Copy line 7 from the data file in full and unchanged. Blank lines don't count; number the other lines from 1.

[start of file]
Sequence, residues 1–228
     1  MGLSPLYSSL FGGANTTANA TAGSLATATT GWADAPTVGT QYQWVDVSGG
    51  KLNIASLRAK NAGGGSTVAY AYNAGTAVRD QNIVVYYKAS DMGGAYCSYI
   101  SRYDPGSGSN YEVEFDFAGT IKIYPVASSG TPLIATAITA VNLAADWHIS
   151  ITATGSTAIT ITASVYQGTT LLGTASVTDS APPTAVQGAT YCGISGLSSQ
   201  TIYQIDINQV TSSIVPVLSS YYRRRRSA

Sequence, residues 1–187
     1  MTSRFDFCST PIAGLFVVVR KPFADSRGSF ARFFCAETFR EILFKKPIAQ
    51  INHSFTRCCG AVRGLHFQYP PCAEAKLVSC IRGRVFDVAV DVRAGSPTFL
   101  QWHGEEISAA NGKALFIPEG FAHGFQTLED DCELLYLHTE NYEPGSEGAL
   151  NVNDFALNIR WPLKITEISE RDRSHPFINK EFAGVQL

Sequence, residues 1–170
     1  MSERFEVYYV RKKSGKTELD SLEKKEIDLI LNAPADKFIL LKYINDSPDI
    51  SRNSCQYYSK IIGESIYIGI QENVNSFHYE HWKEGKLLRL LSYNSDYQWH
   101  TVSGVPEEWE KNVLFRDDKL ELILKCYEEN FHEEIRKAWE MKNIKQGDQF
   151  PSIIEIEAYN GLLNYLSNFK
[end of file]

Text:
Sequence, residues 1–187